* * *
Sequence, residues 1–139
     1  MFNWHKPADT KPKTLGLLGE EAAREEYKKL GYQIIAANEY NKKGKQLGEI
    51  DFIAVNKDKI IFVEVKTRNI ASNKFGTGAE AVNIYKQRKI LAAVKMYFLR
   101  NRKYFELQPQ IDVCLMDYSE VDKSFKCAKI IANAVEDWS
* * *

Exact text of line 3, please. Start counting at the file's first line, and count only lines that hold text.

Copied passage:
    51  DFIAVNKDKI IFVEVKTRNI ASNKFGTGAE AVNIYKQRKI LAAVKMYFLR